Short Wave radio reception problems
Short wave radio stations can be heard over great distances by ‘bouncing' signals off layers in the upper atmosphere. Problems can occur due to the variability of the 'bouncing' process and the crowded nature of the short wave bands. Reception problems will be heard as:-
- Pronounced fading and distortion
- Sudden loss of reception
- Interference from other stations
What to do
- Try a different frequency for the station you are listening to. If reception on the new frequency later deteriorates, try retuning again. More sophisticated types of radio use synchronous detection which reduces the distortion caused by fading and may also make the fade itself less apparent.
- Better radios reduce splatter and whistles by enabling you to select different filtering options, sometimes in tandem with synchronous detection. Careful use of such filtering can dramatically reduce these types of interference and can render quite weak signals much clearer.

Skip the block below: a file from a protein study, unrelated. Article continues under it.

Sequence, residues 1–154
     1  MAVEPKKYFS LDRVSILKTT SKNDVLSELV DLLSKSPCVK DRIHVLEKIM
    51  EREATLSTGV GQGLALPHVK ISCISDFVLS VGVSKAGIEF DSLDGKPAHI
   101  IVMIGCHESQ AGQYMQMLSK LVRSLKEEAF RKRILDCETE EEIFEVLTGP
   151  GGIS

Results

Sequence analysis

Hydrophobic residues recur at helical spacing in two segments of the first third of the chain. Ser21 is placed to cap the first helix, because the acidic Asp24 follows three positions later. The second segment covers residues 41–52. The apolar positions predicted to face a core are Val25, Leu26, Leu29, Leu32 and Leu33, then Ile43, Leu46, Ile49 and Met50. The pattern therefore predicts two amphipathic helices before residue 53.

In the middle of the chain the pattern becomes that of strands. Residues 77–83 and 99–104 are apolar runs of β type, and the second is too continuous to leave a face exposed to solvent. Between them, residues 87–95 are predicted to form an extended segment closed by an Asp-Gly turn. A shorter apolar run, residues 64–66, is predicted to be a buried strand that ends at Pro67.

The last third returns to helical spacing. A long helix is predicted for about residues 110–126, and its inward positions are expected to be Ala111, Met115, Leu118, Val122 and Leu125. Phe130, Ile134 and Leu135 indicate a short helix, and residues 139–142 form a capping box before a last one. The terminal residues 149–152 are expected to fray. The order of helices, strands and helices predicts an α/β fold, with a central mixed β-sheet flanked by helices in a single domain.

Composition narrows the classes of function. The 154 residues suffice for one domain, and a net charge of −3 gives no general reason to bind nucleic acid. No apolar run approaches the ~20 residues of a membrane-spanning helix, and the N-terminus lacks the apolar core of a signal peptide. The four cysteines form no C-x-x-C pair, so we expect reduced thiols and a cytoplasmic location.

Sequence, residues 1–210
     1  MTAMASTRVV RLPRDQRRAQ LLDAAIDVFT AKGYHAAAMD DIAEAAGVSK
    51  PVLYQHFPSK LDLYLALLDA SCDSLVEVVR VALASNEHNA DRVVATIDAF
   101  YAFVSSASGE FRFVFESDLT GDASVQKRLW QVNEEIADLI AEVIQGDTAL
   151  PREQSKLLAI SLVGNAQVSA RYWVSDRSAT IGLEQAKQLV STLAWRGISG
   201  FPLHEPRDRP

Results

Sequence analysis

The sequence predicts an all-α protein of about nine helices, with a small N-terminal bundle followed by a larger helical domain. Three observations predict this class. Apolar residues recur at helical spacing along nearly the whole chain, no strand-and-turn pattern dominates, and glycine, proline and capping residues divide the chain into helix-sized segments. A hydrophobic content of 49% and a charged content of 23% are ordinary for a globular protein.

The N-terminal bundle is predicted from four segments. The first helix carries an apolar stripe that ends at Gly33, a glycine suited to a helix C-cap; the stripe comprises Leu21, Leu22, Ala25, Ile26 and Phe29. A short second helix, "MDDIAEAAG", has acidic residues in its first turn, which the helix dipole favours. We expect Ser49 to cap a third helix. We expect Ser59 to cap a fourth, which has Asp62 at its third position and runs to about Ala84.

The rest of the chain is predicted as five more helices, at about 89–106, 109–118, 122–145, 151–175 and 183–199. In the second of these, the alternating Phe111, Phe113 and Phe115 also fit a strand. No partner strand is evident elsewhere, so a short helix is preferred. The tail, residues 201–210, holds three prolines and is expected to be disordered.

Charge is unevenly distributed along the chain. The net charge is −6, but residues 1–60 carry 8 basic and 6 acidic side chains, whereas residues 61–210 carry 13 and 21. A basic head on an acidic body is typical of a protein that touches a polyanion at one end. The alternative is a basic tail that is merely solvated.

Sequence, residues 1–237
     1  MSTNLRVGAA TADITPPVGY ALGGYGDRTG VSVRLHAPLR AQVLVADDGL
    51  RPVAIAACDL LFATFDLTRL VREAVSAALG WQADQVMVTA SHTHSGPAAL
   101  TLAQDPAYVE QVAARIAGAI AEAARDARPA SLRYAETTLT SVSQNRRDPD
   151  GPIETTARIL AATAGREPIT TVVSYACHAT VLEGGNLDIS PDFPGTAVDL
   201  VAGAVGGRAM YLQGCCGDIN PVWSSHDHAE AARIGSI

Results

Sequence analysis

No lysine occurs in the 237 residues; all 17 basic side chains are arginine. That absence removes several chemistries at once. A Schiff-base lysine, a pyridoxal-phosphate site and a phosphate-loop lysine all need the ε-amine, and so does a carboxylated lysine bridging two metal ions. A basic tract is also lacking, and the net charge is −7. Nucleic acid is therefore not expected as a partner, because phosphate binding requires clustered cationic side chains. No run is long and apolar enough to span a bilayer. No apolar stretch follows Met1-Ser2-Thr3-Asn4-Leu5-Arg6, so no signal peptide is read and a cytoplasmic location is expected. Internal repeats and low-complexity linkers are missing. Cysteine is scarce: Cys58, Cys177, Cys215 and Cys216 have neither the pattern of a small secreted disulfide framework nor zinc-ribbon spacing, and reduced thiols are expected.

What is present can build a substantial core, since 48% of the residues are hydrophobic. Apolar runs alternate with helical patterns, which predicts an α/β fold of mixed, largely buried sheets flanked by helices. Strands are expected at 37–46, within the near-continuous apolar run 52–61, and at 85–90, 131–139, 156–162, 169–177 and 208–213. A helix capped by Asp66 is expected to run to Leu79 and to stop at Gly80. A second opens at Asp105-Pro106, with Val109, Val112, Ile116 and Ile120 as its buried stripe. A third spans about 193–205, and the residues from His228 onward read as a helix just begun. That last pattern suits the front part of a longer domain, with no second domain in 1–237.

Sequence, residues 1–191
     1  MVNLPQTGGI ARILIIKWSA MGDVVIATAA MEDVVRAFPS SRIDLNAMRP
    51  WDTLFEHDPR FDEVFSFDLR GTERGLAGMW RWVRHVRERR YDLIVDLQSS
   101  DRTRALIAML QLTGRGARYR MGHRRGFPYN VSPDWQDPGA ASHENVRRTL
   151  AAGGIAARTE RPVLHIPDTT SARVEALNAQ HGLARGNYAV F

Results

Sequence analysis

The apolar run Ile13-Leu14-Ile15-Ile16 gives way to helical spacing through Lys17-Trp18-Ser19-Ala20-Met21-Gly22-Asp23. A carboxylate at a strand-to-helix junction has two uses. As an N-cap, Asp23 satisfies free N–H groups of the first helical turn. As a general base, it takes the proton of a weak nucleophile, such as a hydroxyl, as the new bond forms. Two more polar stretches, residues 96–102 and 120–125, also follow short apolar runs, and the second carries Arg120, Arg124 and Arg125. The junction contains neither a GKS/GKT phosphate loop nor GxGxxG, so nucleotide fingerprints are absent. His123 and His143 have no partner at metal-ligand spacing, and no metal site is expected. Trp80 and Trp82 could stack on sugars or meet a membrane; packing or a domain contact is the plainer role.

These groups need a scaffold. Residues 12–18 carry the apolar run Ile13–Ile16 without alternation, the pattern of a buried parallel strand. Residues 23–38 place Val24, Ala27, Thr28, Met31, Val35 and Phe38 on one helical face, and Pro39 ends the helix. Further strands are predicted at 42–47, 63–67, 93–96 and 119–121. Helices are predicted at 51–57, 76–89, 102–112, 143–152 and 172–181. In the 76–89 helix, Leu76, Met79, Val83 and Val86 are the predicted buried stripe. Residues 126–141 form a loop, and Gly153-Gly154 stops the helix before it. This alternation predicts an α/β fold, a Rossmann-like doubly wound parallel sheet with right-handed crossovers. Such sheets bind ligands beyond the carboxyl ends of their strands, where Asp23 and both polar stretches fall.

- Serious short wave listeners often use directional aerials to help reduce interference. This is especially useful when two stations are both heard on the same frequency.
- Broadcasters are now using other means to reach their listeners, such as satellite, online and digital short wave (DRM). If these options are available you may find reception better.
For other issues, see our section on AM/LW reception problems
Enter postcode and platform below to check for faults with your local transmitter (Format: AB12 2AA)
For our policy on how we propose to use this information, please click here.
Get started with diagnosing your problem with our self-help tool.